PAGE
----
This post may contain affiliate links where we earn a commission from qualifying purchases.
Well, it’s that time of year again – time for me to share my 2022 reading list. I did this last year and let me tell you, I definitely didn’t read everything on the list. That hasn’t stopped me from adding on for 2022!
If you want to see what I did (and didn’t) read in 2021, you can check out last year’s reading list.
Last year I had a rough time and didn’t get as much reading in as I wanted. I have recently started adding more audio books into my reading, though, and that’s really helped. I also read a few things that weren’t on the list instead.
Just a reminder, this is my personal reading list. That means some books might be older, less popular, or just something I find interesting.
Table of Contents
Themes for 2022 Reading
I try and choose books that I’ve been meaning to read, and narrow that down based on my personal goals. This year I’m focusing on queer stories (since I have been grappling with my queer identity lately), memoirs (for inspiration), classics that I’ve missed, and Indigenous stories, and WW2. The rest just look plain fun or interesting to read!
Since it’s 2022 I decided to choose 22 books to read. Here’s my plan:
I’m a big fan of sci fi, and also Ishiguro’s work. This novel came out in 2021 and I’ve been meaning to read it, and it’s definitely going to be an early in the year choice.
By Kazuo Ishiguro | See it on Amazon
I picked this one up when I was reviewing books for Pride month last summer, but didn’t get to reading it. Apparently it’s really good – and as someone who loves the Iliad I know I’m going to like it. I’m also trying to find more LGBT fiction to read, what with being queer and all.
By Madeline Miller | See it on Amazon
I picked this one up last summer and I’m looking forward to reading it in 2022. Sapiens is critically acclaimed, and for good reason; it’s a thorough (and insightful) history of mankind.
By Yuval Harari | See it on Amazon
A friend recommended this to me and said it was surprisingly good. It can never hurt to have more skills, especially in this department, so I added it to my 2022 reading list.
By Chris Voss | See it on Amazon
Originally am MI6 agent, John Le Carré writes incredibly accurate spy novels. This was the last one he had completed before he died, and it’s just short enough for an easy win for my reading goals.
By John Le Carré | See it on Amazon
A Christmas Carol is one of my favourite books, but surprisingly I haven’t read this Dickens classic yet. (See above re: classics.) I’m a big fan of anything set in this time period, too.
By Charles Dickens | See it on Amazon
I read Chris Hadfield’s autobiography, so I have high hopes for this new release. Anything set during the Cold War era and involving space travel is sure to be a good time.
All the Light We Cannot See was one of the books on my list last year I actually read (and enjoyed.) The next release by Doerr, Cloud Cuckoo Land takes place over multiple time periods which I think sounds pretty cool.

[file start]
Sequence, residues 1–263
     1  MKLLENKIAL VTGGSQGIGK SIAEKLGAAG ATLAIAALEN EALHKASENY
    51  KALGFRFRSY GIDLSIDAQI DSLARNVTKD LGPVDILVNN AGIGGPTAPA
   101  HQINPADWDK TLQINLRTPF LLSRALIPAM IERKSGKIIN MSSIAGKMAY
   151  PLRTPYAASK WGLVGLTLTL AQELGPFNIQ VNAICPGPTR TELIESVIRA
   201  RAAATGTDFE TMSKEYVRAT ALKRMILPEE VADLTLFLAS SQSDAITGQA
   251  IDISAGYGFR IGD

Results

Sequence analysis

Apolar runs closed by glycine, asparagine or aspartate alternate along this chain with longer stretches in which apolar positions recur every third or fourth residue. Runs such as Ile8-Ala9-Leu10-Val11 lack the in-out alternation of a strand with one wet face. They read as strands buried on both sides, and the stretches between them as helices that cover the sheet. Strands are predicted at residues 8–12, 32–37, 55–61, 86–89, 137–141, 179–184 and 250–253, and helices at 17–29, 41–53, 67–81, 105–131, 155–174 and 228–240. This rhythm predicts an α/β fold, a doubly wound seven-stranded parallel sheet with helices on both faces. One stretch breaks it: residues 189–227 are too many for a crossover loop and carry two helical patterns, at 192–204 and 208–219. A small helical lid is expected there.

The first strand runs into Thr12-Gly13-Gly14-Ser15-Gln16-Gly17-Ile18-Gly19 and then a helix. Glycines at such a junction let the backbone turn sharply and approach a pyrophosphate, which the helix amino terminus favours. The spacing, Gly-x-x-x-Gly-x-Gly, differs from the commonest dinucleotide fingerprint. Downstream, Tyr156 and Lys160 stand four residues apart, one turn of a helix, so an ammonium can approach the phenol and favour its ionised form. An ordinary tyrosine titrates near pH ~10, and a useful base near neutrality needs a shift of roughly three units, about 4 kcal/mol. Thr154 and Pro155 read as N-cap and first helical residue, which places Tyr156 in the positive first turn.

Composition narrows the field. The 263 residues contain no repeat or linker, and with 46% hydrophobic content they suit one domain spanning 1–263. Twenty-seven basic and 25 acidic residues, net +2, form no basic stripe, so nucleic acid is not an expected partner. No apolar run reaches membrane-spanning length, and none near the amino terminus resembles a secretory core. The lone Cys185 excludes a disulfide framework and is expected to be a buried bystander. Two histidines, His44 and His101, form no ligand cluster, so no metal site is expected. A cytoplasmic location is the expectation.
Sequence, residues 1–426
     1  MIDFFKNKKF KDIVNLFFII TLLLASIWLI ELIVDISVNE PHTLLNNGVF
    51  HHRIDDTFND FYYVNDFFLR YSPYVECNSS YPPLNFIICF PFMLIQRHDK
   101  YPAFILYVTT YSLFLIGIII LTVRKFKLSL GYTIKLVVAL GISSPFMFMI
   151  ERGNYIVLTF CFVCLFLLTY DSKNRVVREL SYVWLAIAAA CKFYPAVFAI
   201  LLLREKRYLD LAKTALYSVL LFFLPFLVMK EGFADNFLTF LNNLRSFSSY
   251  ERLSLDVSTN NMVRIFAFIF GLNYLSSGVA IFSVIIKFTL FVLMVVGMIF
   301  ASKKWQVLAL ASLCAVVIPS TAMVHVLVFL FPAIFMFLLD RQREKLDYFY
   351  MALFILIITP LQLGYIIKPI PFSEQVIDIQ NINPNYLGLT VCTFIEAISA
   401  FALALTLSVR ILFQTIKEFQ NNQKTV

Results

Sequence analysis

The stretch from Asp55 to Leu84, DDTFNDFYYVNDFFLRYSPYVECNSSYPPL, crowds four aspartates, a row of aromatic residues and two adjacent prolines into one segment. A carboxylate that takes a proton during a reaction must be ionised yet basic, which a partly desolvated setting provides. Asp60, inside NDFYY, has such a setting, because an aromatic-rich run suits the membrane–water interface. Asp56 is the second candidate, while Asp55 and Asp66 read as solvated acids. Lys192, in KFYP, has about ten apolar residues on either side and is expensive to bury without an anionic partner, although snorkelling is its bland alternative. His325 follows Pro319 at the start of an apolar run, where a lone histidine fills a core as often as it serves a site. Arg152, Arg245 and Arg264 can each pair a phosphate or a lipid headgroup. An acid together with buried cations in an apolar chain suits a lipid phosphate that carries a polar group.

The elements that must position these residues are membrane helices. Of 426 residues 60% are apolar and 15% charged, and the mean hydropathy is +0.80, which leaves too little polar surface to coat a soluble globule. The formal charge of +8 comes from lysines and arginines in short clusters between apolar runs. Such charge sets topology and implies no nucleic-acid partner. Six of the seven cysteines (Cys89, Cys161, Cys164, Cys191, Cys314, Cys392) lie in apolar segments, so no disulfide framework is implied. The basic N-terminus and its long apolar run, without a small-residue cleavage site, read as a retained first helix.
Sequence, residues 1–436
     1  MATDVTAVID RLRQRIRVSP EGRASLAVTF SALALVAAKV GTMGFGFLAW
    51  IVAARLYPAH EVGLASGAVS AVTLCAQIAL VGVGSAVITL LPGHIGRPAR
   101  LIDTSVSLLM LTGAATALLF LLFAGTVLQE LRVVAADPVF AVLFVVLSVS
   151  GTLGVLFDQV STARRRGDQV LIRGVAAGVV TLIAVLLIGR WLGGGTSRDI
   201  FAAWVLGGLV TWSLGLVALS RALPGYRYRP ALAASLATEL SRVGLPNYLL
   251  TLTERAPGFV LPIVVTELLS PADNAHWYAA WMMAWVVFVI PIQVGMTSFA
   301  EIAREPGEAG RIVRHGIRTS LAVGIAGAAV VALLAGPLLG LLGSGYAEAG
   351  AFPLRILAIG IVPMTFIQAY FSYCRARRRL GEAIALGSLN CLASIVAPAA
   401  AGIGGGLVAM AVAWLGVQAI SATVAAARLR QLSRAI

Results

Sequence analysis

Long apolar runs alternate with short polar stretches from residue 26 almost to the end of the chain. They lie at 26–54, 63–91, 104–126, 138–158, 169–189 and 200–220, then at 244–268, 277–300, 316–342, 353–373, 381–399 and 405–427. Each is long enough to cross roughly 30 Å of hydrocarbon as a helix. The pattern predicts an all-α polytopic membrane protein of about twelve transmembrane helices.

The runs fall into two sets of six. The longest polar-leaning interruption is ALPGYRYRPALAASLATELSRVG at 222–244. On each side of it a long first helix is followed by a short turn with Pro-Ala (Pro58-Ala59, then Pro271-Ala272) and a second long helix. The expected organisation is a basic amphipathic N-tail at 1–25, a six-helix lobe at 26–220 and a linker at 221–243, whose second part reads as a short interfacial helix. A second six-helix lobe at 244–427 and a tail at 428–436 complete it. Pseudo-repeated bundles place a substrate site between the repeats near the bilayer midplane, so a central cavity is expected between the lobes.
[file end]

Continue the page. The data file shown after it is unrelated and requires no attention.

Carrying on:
By Anthony Doerr | See it on Amazon
I’m Métis (part Canadian Indigenous, part French) and have been exploring my family’s history lately. This book is supposed to be eye-opening, so hopefully I can gain some new perspectives about our country’s histroy.
I wanted to read “The Strangers” but found out it’s the sequel to this book. Set in Winnipeg’s North End (which isn’t far from where I live) and featuring Métis characters, I just know this story will hit close to home.
By Katherena Vermette | See it on Amazon
Another memoir for my list, this one is about dealing with loss (of her father) and the new beginners of love. It’s supposed to be part memoir, part guidebook for living with gratitude and grief, with a little bit of queer romance sprinkled in. It releases in January, 2022.
By Kathryn Schulz | See it on Amazon
Another recommended book I haven’t gotten around to reading, the Book Thief is set in Nazi Germany where a young girl makes a living stealing. She eventually comes across books, and takes them to share with her neighbours during bombing raids.
By Markus Zusak | See it on Amazon
- Under the Air, Sensor, and Remina by Junji Ito
- The Midnight Library by Matt Haig (from my 2021 list)
- Beetle & the Hollowbones by Aliza Layne
- Caste by Isabel Wilkerson (from my 2021 list)
Where I Get My Books
Some of these books I already own, either by buying new or through used book sales. I also like to borrow books form my local library.
For eBooks, I have a Kindle (you can get a great deal on eBooks with Kindle Unlimited). I really like my Kindle because it’s waterproof so I don’t stress about taking it to the pool or beach. This is the one I have.
Something new I started recently was listening to audiobooks. Some are available through my local library’s app, but I find the wait times are long if they’re even on there at all. So I decided to go with Audible and let me tell you – it’s great!
I’m able to read so many more books while I’m cleaning or doing other menial chores. Which as a parent of 5 is a lot of time! It really adds up. I also listen to them sometimes while playing video games, doing puzzles, baking/cooking, or building LEGO.
You can get a free trial if you want to give it a shot!